We opted to simplify the BLAST algorithm for introductory purposes as well as considering that the activity focuses more broadly on sequence alignment and similarity and not solely on BLAST. Instructors could add additional information on how a query sequence is broken up into a number of k-letter seed words, where the word length is user defined. The word list is then further expanded to include neighborhood words that are generated by substituting amino acid residues as long as the total substitution score (calculated by using a BLOSUM substitution matrix) is above a user-defined threshold. Walking through the unabridged algorithm would be a good exercise for additional application of substitution matrices for a course with ample time or for students in more advanced bioinformatics courses.
Prior to starting the phylogram, students could be instructed to produce a phylogram based on morphological characteristics (something that is probably more familiar to them). This could entail handing out paper sheets with an imaginary set of organisms with different morphological features (e.g., long/short tail, straight/curly tail, etc.) and could have students quantitate the number of morphological differences to make a basic phylogenetic tree (39, 40, http://www.evolution.wisc.edu/node/38). The morphological difference could be considered analogous to differences in sequence residues, which can be used as a proxy for similarity using molecular data. This may be useful for classes that are transitioning from macroevolutionary principles to understanding life at the molecular level.
The output phylogram for cytochrome c is that of what we would expect for whole-genome phylogeny for the selected organisms in the exercise. Instructors of more advanced courses may find utility in using an alternative protein for this activity that yields a sequence phylogeny that differs from the expected whole-genome organismal phylogeny to showcase the point that not all proteins are good molecular clocks and/or that different proteins evolve at different relative rates over evolutionary time. For example, histone protein sequence has very little flexibility for evolutionary change before the protein becomes nonfunctional. This pattern can be observed by comparing histone H4 protein sequences, which are the same for humans, Rhesus monkey, Xenopus, and zebrafish, while the cattle H4 sequence has a single substitution. Examples of genes that evolve at more rapid rates than cytochrome c include hemoglobin and fibrinopeptide proteins (41). Other factors such as gene duplication events may lead to different selective pressure between compared species on the same homologous genes.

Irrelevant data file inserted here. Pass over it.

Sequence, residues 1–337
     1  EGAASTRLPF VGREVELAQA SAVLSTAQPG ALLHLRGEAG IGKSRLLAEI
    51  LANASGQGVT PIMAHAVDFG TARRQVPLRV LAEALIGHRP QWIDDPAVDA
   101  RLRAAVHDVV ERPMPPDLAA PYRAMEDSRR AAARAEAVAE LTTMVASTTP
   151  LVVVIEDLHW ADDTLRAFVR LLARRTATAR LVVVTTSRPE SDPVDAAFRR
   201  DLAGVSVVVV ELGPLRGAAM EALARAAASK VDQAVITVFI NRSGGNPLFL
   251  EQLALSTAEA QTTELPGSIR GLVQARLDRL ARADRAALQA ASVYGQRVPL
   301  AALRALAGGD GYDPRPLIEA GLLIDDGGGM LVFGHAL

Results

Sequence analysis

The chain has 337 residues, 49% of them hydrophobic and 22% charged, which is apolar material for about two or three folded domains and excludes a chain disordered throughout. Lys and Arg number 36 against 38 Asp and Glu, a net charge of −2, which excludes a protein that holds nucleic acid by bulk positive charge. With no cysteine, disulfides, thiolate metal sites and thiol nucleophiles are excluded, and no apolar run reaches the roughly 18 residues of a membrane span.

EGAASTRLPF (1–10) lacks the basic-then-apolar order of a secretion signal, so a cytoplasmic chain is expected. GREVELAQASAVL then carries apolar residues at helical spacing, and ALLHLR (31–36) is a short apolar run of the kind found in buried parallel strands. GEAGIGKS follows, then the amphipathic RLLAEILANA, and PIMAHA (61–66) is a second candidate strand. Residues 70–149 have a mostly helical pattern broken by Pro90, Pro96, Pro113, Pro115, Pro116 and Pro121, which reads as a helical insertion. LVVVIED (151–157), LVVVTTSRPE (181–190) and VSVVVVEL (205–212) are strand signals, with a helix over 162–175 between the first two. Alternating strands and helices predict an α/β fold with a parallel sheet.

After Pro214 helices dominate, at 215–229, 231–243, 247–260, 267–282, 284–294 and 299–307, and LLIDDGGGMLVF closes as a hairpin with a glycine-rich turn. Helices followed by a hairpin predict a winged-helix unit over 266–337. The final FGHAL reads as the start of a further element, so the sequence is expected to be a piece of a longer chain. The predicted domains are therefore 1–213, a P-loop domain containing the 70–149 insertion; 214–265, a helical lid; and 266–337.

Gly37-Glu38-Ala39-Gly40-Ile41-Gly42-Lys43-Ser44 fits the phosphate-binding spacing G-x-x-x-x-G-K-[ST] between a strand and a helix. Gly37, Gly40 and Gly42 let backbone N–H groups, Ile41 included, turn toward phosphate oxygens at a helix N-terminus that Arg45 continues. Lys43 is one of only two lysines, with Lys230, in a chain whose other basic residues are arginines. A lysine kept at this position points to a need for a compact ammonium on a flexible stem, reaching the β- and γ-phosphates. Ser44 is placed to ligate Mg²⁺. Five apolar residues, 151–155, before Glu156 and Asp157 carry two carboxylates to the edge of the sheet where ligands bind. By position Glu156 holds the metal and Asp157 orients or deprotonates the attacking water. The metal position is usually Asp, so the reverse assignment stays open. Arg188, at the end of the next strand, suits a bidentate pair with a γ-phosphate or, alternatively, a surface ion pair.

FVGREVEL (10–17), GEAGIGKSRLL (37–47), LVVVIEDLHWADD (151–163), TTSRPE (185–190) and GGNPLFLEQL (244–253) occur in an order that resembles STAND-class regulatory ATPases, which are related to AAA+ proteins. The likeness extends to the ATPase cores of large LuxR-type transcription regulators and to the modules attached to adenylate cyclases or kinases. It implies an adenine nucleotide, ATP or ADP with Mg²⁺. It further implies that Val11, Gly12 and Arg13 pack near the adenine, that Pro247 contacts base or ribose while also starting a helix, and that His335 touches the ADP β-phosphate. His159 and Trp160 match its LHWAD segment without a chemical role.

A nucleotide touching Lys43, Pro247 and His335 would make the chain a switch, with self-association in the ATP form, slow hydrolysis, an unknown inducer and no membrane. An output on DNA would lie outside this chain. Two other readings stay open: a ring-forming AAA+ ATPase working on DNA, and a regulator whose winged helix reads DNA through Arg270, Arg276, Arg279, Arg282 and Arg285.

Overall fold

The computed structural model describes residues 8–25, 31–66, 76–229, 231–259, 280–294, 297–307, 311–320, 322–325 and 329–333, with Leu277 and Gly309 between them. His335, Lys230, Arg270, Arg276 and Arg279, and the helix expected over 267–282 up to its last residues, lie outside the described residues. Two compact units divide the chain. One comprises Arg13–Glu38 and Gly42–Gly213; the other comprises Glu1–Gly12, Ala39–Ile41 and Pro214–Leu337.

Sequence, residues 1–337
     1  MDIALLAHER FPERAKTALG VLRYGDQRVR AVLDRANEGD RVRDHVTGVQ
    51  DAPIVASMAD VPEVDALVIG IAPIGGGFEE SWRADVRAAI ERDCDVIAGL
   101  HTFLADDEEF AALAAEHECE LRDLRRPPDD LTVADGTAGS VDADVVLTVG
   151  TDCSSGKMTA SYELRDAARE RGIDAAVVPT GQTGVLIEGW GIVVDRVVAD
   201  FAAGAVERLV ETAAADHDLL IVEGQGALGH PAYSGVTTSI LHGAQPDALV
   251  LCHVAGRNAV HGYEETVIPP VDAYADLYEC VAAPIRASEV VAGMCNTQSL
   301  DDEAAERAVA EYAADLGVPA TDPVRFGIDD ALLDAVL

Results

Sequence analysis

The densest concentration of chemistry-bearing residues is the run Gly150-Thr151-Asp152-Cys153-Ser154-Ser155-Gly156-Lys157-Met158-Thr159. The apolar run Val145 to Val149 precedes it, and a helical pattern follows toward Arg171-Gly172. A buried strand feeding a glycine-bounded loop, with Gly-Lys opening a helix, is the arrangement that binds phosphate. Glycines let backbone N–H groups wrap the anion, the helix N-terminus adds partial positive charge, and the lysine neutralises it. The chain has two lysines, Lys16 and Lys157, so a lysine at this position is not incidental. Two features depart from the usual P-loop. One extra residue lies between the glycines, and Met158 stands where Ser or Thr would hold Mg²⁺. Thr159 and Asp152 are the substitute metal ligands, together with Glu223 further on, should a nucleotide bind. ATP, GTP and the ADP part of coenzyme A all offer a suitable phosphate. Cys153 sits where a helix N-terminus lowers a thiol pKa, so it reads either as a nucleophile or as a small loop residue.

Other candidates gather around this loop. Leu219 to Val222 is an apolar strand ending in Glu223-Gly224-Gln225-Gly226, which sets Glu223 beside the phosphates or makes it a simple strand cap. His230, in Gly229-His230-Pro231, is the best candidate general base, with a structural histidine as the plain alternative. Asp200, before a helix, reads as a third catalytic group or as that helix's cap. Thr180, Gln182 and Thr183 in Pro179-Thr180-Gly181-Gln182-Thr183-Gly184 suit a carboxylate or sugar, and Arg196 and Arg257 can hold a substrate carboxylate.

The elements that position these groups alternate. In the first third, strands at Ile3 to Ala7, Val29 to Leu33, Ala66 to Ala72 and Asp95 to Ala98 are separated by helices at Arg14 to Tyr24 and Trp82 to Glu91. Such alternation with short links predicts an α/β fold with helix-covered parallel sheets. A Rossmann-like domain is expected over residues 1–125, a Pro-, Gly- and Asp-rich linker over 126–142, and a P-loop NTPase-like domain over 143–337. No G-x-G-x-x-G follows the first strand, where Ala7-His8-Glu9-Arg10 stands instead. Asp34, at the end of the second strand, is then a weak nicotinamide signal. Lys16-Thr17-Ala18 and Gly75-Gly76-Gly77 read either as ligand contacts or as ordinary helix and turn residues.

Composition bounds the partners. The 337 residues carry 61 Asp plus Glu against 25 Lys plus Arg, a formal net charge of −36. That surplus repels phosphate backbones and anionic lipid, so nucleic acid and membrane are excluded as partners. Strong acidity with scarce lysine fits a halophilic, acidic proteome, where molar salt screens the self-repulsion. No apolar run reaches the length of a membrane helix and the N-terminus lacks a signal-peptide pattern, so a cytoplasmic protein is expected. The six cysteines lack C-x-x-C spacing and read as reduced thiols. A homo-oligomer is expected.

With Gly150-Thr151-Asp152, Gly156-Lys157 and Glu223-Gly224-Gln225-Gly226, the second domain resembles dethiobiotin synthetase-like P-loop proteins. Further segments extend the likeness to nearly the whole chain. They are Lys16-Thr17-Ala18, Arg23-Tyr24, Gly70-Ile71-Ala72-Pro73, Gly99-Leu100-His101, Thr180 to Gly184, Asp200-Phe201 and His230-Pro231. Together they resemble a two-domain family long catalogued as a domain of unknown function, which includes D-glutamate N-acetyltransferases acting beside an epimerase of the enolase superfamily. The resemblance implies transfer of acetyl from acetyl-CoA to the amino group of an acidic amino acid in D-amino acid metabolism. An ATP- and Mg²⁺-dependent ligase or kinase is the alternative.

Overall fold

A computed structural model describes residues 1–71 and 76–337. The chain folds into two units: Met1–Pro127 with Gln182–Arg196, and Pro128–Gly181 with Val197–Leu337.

This exercise has been designed as a guided inquiry activity to provide students with real-world applications of bioinformatics, while balancing time investment. This guided-inquiry activity could be adapted to an open-inquiry format if the instructor has more class time, where students could generate their own questions and investigate them by doing some basic bioinformatics data mining. For example, this set of exercises could be coupled with other wet-laboratory investigations such as a DNA barcoding of local organisms to determine if morphologically similar organisms are the same species or if grocery store food products are correctly labeled (42).
- S1. Sequence Similarity - Exercise 1
- S2. Sequence Similarity - Exercise 2
- S3. Sequence Similarity - Exercise 3
- S4. Sequence Similarity - Exercise 4.1
- S5. Sequence Similarity - Exercise 4.2
- S6. Sequence Similarity - Exercise 4.3
We would like to thank the American Society for Microbiology for sponsoring a genomics education workshop in which the initial concept and writing of this activity began. Participating workshop faculty, especially Komal Vig, helped guide the conceptual basis of the activity. We would also like to thank the Network for Integrating Bioinformatics into Life Sciences Education (NIBLSE) Incubator facilitator (Michael Sierk) and participants (Sebastian Galindo and Hayley Orndorf) for critical feedback and help refining the activity.